U.S. nuclear waste recyclers to pay $10.6 billion in clean energy rebates

Nuclear waste recycler Waste Management Corp. will pay $9.2 billion to clean up its nuclear waste, the first time in decades that the U.N. has awarded rebates to businesses that recycle nuclear waste.

The $10 billion, a 10 percent tax on companies that dump nuclear waste at facilities is one of the biggest rebates the U:N.

announced Tuesday.

The U.s. spent more than $1 trillion in nuclear waste in 2015.

Waste Management’s rebates will cover the cost of cleanup, transportation and decommissioning of the spent fuel, said the company’s chief executive officer, Daniel Saylor.

The company, based in North Dakota, has been the leading purveyor of nuclear waste for decades.

In 2016, Waste Management shipped 1.8 million metric tons of nuclear fuel from storage at Savannah River, Ga., to Los Alamos National Laboratory in New Mexico, where it is recycled for energy.

The company also recycles waste from commercial nuclear power plants.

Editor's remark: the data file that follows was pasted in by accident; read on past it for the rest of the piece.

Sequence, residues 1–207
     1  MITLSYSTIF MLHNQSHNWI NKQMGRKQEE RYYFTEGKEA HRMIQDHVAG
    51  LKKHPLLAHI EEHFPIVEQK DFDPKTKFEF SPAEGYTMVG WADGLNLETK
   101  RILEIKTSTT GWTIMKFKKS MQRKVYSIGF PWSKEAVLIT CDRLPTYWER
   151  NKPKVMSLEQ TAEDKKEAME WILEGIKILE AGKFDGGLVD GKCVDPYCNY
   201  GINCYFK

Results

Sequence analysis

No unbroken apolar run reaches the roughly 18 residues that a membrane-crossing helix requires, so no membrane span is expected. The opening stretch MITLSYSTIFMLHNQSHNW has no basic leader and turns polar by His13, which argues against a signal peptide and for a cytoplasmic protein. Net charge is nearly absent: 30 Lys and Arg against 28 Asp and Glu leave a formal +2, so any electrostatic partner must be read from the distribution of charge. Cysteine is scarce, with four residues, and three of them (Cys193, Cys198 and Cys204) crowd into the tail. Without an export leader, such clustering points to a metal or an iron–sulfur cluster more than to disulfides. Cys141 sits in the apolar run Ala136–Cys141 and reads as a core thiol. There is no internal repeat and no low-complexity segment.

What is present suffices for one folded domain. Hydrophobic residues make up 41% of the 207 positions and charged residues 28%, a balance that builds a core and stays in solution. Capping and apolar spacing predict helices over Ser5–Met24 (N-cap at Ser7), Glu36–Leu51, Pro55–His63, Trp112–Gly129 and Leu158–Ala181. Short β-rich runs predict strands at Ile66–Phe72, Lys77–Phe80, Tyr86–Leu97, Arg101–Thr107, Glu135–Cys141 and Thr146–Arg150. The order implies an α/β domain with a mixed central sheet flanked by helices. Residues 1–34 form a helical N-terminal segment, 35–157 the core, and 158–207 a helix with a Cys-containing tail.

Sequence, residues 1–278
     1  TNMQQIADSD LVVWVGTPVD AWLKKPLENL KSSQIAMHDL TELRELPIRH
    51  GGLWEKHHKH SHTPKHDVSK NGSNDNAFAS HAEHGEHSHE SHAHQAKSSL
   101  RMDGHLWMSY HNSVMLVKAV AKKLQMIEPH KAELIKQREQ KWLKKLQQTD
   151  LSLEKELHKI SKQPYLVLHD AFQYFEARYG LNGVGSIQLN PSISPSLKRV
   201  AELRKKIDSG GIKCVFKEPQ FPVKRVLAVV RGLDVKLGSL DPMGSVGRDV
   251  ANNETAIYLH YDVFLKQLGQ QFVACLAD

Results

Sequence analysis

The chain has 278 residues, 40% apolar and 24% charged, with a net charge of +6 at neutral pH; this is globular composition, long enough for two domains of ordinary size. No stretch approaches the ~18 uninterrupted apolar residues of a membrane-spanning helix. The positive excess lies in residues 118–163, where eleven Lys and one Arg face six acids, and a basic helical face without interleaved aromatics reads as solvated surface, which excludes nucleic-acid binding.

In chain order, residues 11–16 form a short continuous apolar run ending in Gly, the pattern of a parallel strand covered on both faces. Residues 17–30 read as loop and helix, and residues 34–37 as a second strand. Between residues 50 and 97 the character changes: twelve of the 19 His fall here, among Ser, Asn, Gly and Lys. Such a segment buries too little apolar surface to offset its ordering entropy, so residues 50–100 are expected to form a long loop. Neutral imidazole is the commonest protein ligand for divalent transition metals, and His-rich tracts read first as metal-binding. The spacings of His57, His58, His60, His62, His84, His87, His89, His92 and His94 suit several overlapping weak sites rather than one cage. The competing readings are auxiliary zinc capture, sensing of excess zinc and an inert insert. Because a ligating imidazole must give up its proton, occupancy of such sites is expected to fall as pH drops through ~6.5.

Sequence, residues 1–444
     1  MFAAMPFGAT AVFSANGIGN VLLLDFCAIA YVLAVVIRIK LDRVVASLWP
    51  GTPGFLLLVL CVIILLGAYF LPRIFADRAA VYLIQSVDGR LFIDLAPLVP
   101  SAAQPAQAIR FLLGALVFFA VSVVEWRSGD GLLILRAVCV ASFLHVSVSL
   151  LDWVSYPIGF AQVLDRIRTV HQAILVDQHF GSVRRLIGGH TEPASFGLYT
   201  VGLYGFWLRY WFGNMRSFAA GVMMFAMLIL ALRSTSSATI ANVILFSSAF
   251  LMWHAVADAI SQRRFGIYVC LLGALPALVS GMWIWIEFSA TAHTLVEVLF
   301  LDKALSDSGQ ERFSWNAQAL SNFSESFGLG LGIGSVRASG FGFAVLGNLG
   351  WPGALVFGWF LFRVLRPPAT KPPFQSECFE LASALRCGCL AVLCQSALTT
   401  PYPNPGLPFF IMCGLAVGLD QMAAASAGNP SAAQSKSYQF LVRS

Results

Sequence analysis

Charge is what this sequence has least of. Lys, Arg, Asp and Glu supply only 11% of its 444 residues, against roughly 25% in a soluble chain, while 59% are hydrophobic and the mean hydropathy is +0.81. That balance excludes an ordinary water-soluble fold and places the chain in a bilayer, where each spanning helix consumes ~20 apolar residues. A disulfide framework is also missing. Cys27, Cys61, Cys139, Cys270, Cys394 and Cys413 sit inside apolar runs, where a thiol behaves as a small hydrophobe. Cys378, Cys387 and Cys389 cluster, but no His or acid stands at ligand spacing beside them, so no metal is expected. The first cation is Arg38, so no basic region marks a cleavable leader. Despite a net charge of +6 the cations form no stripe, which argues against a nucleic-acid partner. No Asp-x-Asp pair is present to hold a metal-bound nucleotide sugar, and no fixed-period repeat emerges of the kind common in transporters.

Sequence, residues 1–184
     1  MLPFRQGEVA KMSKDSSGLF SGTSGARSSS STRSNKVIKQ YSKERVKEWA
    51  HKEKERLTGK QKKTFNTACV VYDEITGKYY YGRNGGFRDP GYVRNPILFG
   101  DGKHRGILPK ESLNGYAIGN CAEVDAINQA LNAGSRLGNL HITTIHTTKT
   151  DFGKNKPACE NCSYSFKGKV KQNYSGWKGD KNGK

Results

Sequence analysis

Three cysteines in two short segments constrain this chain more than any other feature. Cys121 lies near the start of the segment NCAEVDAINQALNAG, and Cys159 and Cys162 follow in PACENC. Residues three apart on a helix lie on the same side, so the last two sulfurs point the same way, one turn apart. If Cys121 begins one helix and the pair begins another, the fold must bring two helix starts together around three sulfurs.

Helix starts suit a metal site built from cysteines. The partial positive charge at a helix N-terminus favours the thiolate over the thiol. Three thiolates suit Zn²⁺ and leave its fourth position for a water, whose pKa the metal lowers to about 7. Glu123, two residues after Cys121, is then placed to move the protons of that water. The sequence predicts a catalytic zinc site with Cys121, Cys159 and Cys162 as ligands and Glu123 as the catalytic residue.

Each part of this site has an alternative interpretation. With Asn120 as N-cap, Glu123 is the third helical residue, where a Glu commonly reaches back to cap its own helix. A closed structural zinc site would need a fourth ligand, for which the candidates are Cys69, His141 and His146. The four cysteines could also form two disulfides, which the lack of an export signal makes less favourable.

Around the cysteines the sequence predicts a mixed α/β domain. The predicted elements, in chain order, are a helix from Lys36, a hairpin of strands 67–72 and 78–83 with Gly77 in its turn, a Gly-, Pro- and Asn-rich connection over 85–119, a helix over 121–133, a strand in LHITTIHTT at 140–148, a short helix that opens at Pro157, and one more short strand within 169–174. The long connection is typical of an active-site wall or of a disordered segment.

Waste Management said it will pay a $10 million rebate to companies that recycle their nuclear waste and a $5 million rebate for any company that fails to do so.

It will pay another $5 billion for any companies that do not comply with the rules.

The Nuclear Waste Rebate Act was passed in 2009 and requires companies to report their waste to the U.:N.

It was designed to ensure that nuclear waste is treated properly and disposed of safely, but it has not been enforced.

The U:NTR, an international non-governmental organization, has set a goal of eliminating all nuclear waste by 2050.